The word was out on Steve Smith. Someone was telling prospective new employers that they shouldn’t hire him. This single “bad reference” cost Steve at least six job offers and forced him to tap into more than $60,000 of his retirement fund. This, despite his solid credentials.

Smith (not his real name) has since found work, but two years later he is still angry with a former boss for nearly ruining his financial life. Steve was able to stop his former boss from spreading more negativity, but he wonders how many other job seekers are not so fortunate.

“For months I suspected that my former boss was saying something about me. The problem was I wasn’t sure what he was saying or how to prove it,” said Smith.

However, job seekers like Steve can now turn the tables on their former bosses. Many have begun to check up on former bosses, colleagues and even trusted friends, by using professional reference checking firms to see what those references will say about them to prospective new employers.

When you get right down to it, you don’t always know for certain who is trustworthy. There is simply too much at stake – your job, your income, your family’s well-being – to leave to chance that your references are positive and accurate.

JobReferences states that about half of the references they investigate offer mediocre to downright negative input – often to the surprise and dismay of the clients. People believe their past employers will give them a good reference, but frequently that’s not the case. The likelihood is such references will continue to “poison the well” unless their negative input can be documented and addressed.

Causing further frustration, it is not uncommon for references to pass out inaccurate information. Dates and title of employment, the reason for the separation and salary information offered by references are sometimes provided in error, and it is (unfortunately) often assumed by potential employers that the job seeker is being dishonest.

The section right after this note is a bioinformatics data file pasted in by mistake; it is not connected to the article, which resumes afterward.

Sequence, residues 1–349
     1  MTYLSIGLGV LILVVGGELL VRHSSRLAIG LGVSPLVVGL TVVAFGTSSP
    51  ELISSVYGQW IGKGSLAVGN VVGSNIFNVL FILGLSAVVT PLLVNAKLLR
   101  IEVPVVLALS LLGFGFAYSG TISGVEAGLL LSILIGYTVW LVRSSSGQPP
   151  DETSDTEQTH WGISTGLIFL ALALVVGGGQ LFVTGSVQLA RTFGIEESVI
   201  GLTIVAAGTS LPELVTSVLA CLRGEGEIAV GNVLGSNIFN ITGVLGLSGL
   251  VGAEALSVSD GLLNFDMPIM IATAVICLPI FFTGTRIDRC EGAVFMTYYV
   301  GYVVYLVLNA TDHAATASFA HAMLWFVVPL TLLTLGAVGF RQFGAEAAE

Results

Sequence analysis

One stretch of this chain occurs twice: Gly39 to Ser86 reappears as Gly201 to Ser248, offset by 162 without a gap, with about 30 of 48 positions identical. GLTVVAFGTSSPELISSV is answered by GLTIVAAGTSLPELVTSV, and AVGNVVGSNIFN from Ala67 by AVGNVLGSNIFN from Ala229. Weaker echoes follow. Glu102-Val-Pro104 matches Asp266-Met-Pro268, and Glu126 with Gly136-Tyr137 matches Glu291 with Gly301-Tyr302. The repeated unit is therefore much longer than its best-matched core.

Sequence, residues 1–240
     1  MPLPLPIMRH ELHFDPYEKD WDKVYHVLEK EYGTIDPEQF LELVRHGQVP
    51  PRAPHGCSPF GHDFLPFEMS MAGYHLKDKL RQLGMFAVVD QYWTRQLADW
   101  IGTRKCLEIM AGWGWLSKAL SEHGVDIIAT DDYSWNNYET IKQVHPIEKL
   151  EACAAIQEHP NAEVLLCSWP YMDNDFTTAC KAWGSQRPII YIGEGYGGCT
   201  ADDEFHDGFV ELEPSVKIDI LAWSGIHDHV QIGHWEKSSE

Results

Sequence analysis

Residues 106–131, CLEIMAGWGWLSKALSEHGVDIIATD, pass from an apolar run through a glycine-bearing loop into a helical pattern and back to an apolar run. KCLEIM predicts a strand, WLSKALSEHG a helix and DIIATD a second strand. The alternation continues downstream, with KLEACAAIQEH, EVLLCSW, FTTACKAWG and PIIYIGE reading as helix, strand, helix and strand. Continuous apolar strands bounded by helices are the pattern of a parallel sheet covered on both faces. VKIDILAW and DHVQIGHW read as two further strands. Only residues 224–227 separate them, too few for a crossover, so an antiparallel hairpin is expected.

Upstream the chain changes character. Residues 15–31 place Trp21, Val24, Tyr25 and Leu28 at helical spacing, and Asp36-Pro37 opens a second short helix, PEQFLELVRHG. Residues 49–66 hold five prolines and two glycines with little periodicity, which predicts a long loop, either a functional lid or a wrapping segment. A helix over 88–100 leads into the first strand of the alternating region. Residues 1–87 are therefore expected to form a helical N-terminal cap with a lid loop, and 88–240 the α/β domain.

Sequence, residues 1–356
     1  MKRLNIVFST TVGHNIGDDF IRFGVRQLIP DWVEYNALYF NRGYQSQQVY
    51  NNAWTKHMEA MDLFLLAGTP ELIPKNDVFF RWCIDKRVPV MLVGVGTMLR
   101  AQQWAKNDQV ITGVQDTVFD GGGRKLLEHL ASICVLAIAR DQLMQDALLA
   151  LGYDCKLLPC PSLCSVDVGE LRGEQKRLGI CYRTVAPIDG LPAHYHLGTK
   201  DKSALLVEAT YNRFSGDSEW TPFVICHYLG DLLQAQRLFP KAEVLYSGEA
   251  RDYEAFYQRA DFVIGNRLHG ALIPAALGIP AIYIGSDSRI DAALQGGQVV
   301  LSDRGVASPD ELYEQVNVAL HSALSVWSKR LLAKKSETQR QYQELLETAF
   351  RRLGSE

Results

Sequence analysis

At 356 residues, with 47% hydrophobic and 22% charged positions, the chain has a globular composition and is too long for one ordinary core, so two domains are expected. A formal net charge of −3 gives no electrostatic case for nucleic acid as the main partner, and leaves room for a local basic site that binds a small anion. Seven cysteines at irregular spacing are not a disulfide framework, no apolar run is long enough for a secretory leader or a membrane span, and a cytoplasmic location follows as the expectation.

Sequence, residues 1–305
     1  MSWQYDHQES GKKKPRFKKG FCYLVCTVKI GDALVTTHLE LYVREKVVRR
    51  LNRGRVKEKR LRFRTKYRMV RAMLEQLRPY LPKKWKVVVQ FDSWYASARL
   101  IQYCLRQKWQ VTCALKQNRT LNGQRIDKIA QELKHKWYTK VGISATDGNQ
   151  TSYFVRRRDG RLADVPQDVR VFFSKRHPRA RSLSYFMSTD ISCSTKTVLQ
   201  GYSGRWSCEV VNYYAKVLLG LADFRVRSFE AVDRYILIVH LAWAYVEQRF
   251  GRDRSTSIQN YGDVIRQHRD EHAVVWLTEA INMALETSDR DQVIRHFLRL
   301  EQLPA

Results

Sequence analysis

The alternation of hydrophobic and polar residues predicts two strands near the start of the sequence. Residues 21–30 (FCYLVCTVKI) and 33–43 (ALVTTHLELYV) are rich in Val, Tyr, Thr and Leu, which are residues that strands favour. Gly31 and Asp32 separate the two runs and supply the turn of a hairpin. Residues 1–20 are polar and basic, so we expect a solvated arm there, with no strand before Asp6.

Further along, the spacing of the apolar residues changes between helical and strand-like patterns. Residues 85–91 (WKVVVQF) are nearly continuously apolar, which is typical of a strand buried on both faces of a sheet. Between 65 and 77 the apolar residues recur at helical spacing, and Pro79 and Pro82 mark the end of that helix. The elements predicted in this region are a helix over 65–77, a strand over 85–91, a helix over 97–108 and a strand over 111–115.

The first step in counteracting such issues is to obtain third-party documentation, and JobReferences is upfront with the people they call to check a reference. When calling a reference, we simply state that we are calling to do employment verification and a reference check on (name of client). Typically, the reference assumes we are considering hiring that individual or we have been hired to check them out for a company that is considering hiring them. Under no circumstances do we ever disclose who has hired us to perform the reference check. This allows our client complete confidentiality and the ability to use our information in court should the need arise.

Fortunately, there is recourse for those whose reference(s) have been documented as offering negative commentary about them. Cease-&-Desist letters or potential litigation may be appropriate tools in the hands of an employment attorney.

If you suspect that a reference may be sabotaging your chances for employment, the first step is to obtain documentation by a third-party reference checking company indicating exactly what they are saying. And, it is important to note, the sooner the better – a negative reference can plague you indefinitely. Identifying such a person and preventing any further damage caused by them will surely be one of the best investments you will ever make.

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About Allison

Allison & Taylor Inc. and its principals have been in the business of checking references for individuals and corporate accounts since 1984. We have successfully built our brand and corporate recognition and have been recommended by industry specialists such as The New York Times award-winning author Martin Yate (“Knock ‘Em Dead Résumés”). Numerous articles have been published about our business in newspapers and magazines including The Christian Science Monitor, The Wall Street Journal, Glamour Magazine, New Woman, Worth, National Business Employment Weekly, The Detroit News, and The St. Petersburg Times.